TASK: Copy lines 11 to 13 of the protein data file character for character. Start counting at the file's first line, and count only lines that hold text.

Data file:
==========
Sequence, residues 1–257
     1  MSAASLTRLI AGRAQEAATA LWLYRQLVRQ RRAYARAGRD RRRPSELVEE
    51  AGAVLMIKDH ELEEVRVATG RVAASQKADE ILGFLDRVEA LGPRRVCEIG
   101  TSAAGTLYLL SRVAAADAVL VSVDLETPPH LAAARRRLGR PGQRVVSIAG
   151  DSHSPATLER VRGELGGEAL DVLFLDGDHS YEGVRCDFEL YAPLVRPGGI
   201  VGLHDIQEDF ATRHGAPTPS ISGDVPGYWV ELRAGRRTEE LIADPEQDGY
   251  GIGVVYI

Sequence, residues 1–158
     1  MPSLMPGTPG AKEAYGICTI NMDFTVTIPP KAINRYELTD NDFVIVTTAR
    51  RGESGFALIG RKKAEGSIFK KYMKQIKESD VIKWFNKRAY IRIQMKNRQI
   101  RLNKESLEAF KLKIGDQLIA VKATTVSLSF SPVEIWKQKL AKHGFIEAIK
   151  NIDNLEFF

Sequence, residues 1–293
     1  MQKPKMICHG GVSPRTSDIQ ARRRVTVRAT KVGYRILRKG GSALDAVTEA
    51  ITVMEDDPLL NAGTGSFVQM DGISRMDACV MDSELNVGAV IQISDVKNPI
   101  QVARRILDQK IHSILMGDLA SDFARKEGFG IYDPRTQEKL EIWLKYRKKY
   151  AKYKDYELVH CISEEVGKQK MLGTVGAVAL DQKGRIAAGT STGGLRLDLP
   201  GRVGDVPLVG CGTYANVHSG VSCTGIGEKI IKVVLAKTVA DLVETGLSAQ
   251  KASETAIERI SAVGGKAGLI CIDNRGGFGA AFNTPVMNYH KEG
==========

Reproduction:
   101  RLNKESLEAF KLKIGDQLIA VKATTVSLSF SPVEIWKQKL AKHGFIEAIK
   151  NIDNLEFF

Sequence, residues 1–293